The obvious question that one would ask is why anyone needs to be protected from the consequences of their own actions. If the lenders or borrowers take too much risk, they may lose their money. However, it is their money to lose, and if they lose it, what harm could this do to anyone else?

The answer lies in the true nature of the transactions in question. The argument above assumes there were two parties to each loan, when in fact there were three. However, unlike the borrower and the lender, the third party – the taxpayer – WAS NOT acting freely. The third party was forced to put up his or her money as collateral, without which not one sub-prime loan would have occurred. Moreover, the mortgage-backed securities that are playing such a pervasive role in the collapse of the financial system also would not have been sold had the purchasers not been assured that the government was backing the loans. This was nothing resembling a failure of free markets. It was an easily predictable consequence of government distorting the financial system and the economy by intervention into the markets. As is always ultimately the case, its intervention boils down to armed theft of property. Regardless of the fraud that may have been committed by lenders or borrowers, it was this crime by government that is responsible for the crisis.

Obviously, this is the reason that we haven’t seen “perp walks.” It is unlikely that our federal government is ever going to indict itself for any of its crimes, no matter who is president or what party has a majority in Congress. As for the private sector, the truth of the matter is that most of the conduct by the lenders actually amounted to them doing exactly what the government told them to do. They relaxed their lending standards because government pressured them to give loans to people that they wouldn’t have otherwise lent to, using money stolen from us to remove the onerous risk. Had the lenders been more responsible, they faced charges of discrimination against minorities or other disingenuous “fairness policies” designed to help our government achieve its age-old socialist dream of forced equality. In fact, as I’ve said before here, even the executives at Fannie Mae began to come forward and express concern about the risk that the GSE’s were taking on. What was the answer from our government? The GSE’s were told that they weren’t doing enough; they should be “helping” more people. Government stole money from us to cover bets that even their own people were telling them were losers.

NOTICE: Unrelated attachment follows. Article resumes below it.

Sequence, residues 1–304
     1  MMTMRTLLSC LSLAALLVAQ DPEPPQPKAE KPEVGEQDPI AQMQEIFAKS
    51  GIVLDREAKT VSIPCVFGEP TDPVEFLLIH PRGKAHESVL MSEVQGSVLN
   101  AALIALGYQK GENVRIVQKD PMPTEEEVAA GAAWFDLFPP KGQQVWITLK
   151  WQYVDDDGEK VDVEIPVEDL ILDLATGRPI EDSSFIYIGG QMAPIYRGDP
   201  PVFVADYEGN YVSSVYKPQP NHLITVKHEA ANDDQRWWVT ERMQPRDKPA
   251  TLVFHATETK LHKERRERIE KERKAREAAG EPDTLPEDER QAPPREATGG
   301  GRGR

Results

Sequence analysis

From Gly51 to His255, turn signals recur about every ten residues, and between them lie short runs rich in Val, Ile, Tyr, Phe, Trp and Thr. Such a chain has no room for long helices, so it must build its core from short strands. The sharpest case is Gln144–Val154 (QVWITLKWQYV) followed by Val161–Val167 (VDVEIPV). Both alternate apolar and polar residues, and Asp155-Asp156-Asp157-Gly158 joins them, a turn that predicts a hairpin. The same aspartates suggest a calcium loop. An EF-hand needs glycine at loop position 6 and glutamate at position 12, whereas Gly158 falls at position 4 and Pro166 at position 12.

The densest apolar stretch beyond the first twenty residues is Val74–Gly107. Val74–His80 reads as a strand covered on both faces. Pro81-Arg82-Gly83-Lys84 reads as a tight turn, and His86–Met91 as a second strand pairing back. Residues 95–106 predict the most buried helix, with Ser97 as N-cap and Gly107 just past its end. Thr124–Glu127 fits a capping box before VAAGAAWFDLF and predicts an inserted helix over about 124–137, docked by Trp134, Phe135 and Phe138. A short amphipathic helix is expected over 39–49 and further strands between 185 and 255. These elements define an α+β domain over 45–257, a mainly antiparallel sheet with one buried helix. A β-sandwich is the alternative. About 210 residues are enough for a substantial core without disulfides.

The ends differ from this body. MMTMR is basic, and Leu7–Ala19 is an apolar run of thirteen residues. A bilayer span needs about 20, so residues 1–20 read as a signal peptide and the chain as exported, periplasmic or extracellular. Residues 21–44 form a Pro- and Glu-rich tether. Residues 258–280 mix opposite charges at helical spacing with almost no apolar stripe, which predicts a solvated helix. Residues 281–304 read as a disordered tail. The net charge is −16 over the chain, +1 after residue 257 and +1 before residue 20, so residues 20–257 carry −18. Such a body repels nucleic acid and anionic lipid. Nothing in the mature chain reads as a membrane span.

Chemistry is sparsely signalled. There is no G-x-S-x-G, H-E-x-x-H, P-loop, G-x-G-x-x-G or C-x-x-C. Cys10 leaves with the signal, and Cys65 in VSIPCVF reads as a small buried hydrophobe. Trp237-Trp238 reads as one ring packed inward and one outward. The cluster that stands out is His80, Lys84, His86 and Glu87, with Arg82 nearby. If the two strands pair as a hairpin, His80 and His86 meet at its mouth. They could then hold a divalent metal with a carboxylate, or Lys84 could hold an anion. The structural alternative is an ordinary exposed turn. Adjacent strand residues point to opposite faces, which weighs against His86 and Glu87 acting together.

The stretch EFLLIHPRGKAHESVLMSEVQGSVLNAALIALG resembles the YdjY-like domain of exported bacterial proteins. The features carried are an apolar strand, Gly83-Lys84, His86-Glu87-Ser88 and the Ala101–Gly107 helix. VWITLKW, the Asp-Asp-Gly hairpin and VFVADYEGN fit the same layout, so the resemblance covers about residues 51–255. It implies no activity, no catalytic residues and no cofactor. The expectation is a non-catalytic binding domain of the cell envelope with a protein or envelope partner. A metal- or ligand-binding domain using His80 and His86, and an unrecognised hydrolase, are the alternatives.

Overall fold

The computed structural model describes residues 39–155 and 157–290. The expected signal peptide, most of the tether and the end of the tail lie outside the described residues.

Therefore, if there are going to be any perp walks, it should be members of the federal government themselves that should be doing the walking. While we are making arrests, let’s not let the guilty from past presidential administrations escape justice. As I’ve previously argued, it was really the Clinton administration that sowed the seeds of this crisis. It was Clinton that raised the GSE’s to such prominence and pushed through legislation making it a crime to deny a mortgage. Even using the government’s faulty reasoning[2] that a lack of regulation is to blame, it was Clinton that signed the bill repealing the Glass Steagall Act and paving the way for the government-enabled speculation that followed.

Ironically, as bad as the Bush administration has been in so many other ways, it was actually their failure to reverse these Clinton policies that represents their most significant contribution to the mortgage crisis. Most importantly, neither Clinton, nor Bush, nor the majority of the members of Congress can deny their guilt in the central crime that has been perpetrated. They all had a hand in government theft of property. For these perp walks, the federal marshals won’t have to fly to Chicago or New York to make the arrests. They need only walk down the street.

[1] I still observe the quaint practice of referring to them as if they were separate entities.
[2] The Glass Steagall Act is another of those FDR regulatory schemes that is only perceived as necessary because of risks that ultimately exist because of government’s improper involvement in the economy.